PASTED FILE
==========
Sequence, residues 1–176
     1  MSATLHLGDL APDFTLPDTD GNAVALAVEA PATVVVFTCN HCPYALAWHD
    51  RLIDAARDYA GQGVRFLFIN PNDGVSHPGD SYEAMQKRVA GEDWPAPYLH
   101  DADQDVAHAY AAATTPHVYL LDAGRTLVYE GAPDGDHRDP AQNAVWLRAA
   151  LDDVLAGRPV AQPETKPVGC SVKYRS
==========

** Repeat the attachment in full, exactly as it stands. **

Sequence, residues 1–176
     1  MSATLHLGDL APDFTLPDTD GNAVALAVEA PATVVVFTCN HCPYALAWHD
    51  RLIDAARDYA GQGVRFLFIN PNDGVSHPGD SYEAMQKRVA GEDWPAPYLH
   101  DADQDVAHAY AAATTPHVYL LDAGRTLVYE GAPDGDHRDP AQNAVWLRAA
   151  LDDVLAGRPV AQPETKPVGC SVKYRS